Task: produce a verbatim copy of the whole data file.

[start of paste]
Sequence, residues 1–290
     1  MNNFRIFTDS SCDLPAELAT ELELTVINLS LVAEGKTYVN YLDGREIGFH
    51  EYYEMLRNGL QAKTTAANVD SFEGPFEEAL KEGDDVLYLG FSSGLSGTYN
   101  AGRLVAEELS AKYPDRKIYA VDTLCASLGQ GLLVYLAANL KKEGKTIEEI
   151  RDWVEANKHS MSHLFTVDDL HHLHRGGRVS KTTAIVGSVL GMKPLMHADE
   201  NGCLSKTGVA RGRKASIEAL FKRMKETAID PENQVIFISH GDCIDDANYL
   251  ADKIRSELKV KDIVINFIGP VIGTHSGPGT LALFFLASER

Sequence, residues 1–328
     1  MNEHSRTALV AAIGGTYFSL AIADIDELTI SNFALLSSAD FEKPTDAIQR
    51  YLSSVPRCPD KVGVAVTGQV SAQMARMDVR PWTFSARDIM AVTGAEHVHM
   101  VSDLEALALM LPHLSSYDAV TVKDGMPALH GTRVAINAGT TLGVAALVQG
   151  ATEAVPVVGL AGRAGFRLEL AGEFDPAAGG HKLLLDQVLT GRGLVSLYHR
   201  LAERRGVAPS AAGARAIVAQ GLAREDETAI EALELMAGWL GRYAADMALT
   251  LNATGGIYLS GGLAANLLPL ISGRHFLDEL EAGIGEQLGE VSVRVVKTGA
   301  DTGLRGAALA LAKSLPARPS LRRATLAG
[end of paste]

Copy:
Sequence, residues 1–290
     1  MNNFRIFTDS SCDLPAELAT ELELTVINLS LVAEGKTYVN YLDGREIGFH
    51  EYYEMLRNGL QAKTTAANVD SFEGPFEEAL KEGDDVLYLG FSSGLSGTYN
   101  AGRLVAEELS AKYPDRKIYA VDTLCASLGQ GLLVYLAANL KKEGKTIEEI
   151  RDWVEANKHS MSHLFTVDDL HHLHRGGRVS KTTAIVGSVL GMKPLMHADE
   201  NGCLSKTGVA RGRKASIEAL FKRMKETAID PENQVIFISH GDCIDDANYL
   251  ADKIRSELKV KDIVINFIGP VIGTHSGPGT LALFFLASER

Sequence, residues 1–328
     1  MNEHSRTALV AAIGGTYFSL AIADIDELTI SNFALLSSAD FEKPTDAIQR
    51  YLSSVPRCPD KVGVAVTGQV SAQMARMDVR PWTFSARDIM AVTGAEHVHM
   101  VSDLEALALM LPHLSSYDAV TVKDGMPALH GTRVAINAGT TLGVAALVQG
   151  ATEAVPVVGL AGRAGFRLEL AGEFDPAAGG HKLLLDQVLT GRGLVSLYHR
   201  LAERRGVAPS AAGARAIVAQ GLAREDETAI EALELMAGWL GRYAADMALT
   251  LNATGGIYLS GGLAANLLPL ISGRHFLDEL EAGIGEQLGE VSVRVVKTGA
   301  DTGLRGAALA LAKSLPARPS LRRATLAG